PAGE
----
Candid Comment: Deal Leaves Tsvangirai Cornered

THIS year started with no hope of an immediate implementation of the global political agreement signed between President Robert Mugabe and the leaders of the two MDC formations, Morgan Tsvangirai and Arthur Mutambara, on September 15 last year.

Tsvangirai has declined to be sworn in as prime minister of the envisaged inclusive government insisting that there are outstanding issues before the agreement can be consummated.

Among the sticking issues, according to Tsvangirai, are the ministerial portfolio allocations, appointment of provincial governors and the constitutive nature of the proposed national security council. He is also concerned about the abduction, torture and illegal detention of his members.

Tsvangirai’s refusal to take the oath of office has promoted speculation in the official media that the opposition leader and his party intend to walk out of the agreement in the hope that the economy will plunge into chaos, forcing Mugabe to quit.

The MDC-T’s leaders will meet in South Africa at the weekend to decide whether or not to enter the inclusive government, but it may be difficult for Tsvangirai to walk out of an agreement that he is party to, despite growing international disillusionment with Mugabe’s performance since the pact was signed.

His only option is to push Zanu PF into a corner where they would have to agree to new elections under international supervision so he can get the chance to beat Mugabe once and for all.

Sadc has betrayed the people of Zimbabwe by failing to stand up to Mugabe’s delinquency after the sham June 27 presidential election run-off that eventually led to the signing of the shaky unity government pact.
Equally, Tsvangirai and Mutambara have also been maladroit in so far as the events leading up to the signing of the pact are concerned.

It was up to Tsvangirai and Mutambara and their respective formations to formulate a united position and decide on who should be the principal in any engagement with Mugabe and Zanu PF.

A divided opposition to Mugabe was always going to be good news to Zanu PF.

It would be wrong to claim that Mugabe was responsible for the opposition not getting its act together both before and after the March 29 elections.

Mutambara chose not to participate in the presidential election and ordinarily he should be excluded from any discussions dealing with the allocation of executive power, and yet he now finds himself a player — and a critical one for that matter — in the contentious issues that remain.

Sadc and the mediator in the Zimbabwean crisis, former South African president Thabo Mbeki, had no choice but to listen to the voices of Zimbabwe’s opposition leaders and regrettably there seems to be no trust among them. Mugabe, being the incumbent, is the beneficiary.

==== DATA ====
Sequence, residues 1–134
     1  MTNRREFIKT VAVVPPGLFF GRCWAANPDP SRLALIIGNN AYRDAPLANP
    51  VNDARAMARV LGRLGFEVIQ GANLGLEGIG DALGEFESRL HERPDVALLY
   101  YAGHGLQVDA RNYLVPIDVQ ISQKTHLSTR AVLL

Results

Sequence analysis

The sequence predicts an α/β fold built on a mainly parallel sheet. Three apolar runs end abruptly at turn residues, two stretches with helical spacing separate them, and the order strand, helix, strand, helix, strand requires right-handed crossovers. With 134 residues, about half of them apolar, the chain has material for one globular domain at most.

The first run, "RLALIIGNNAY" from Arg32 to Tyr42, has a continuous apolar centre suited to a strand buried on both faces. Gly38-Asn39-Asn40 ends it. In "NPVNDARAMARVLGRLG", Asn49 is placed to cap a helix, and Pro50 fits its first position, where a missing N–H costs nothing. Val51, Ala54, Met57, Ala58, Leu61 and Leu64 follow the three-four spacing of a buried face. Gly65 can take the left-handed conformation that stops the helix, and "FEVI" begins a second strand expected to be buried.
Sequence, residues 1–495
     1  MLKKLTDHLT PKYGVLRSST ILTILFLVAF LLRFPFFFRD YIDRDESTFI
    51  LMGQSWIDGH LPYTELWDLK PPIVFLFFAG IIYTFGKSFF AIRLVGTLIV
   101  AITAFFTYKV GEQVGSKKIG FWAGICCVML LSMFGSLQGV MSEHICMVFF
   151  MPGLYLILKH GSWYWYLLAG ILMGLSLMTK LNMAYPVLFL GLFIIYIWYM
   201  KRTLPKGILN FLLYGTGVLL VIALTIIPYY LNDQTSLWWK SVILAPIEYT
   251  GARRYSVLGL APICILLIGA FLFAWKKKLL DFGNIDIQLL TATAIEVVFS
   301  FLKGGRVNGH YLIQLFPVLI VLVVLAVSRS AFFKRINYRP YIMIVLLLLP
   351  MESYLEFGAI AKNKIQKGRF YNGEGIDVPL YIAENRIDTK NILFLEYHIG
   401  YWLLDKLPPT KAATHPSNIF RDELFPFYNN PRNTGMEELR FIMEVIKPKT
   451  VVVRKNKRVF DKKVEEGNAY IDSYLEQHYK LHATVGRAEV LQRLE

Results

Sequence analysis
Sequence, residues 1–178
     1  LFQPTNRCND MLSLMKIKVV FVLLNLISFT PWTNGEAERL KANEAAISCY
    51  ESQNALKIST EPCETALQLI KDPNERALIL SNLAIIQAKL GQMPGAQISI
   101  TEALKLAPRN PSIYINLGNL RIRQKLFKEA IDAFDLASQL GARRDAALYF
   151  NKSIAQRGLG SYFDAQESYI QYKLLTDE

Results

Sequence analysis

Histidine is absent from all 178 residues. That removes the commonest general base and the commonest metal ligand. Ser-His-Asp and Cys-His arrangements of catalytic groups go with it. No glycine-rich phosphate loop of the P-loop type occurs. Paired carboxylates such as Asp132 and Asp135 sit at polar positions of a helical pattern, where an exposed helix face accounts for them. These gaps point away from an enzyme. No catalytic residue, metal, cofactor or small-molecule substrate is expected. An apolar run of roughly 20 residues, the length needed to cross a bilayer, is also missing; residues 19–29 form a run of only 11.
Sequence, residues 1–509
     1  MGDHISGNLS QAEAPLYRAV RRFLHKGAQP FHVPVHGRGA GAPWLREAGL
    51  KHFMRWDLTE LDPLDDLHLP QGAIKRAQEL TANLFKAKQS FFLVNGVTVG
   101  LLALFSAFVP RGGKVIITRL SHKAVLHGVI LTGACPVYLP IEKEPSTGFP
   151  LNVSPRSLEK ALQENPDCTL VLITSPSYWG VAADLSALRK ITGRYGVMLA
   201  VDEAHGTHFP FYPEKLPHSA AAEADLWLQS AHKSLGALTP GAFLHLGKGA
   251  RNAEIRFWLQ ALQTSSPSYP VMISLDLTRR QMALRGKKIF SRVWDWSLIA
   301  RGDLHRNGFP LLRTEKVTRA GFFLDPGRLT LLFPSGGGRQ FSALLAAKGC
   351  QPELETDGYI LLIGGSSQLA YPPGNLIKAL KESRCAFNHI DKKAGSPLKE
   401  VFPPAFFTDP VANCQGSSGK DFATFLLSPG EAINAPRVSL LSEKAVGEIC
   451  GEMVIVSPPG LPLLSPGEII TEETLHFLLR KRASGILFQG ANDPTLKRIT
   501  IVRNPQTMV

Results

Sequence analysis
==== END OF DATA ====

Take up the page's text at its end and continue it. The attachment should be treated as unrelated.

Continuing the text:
Mutambara and his formation seem satisfied that the current outcome is what the country needs. The MDC-T disagrees.

Because of the results of the parliamentary election, an opportunity was created for a re-interpretation of what the people of Zimbabwe wanted to see: an executive reflecting the parliamentary results or an executive coming from the direct presidential election results.

When people voted on March 29 they surely had no idea that a vote for a parliamentary representative would end up being manipulated as a vote for who should be head of state.

By craftily investing in the terms of reference for the global political agreement, it was possible for Sadc and Mugabe to box MDC-T into a corner to the extent that very soon Tsvangirai would acquire the reputation of a spoiler. Yet his party won both the presidential first-round poll and the parliamentary contest. Mugabe only won the second round through an orgy of violence.

By signing the inclusive government deal, MDC-T must accept responsibility for creating this absurd outcome that now sees Mugabe taking the moral high ground.

The pact is framed on the basis that Tsvangirai will never assume unfettered executive power as long as Mugabe is alive. All he can hope for is being a prime minister under Mugabe. Mutambara appears to be happy with such an outcome, as he knows that if Tsvangirai were to assume unfettered executive powers he would not be a beneficiary.

For self-interest, the outcome on the table suits Mugabe and Mutambara.

The real betrayal of Zimbabweans lies in the nature and composition of the opposition forces. Given the current stalemate, Mugabe and Mutambara on the surface have the majority but lack the legitimacy.

The inclusive government deal is the only route for Mugabe to restore any residual legitimacy even among his own colleagues in Sadc and the AU. They can now claim that the deal has the endorsement of not only the three players, including Tsvangirai, but Sadc as well. It is a signed document as is the Constitutional Amendment Bill.

The bottom line is that Tsvangirai cannot walk out of the pact. But he should at least tell the country what his position is.

BY CONSTANTINE CHIMAKURE

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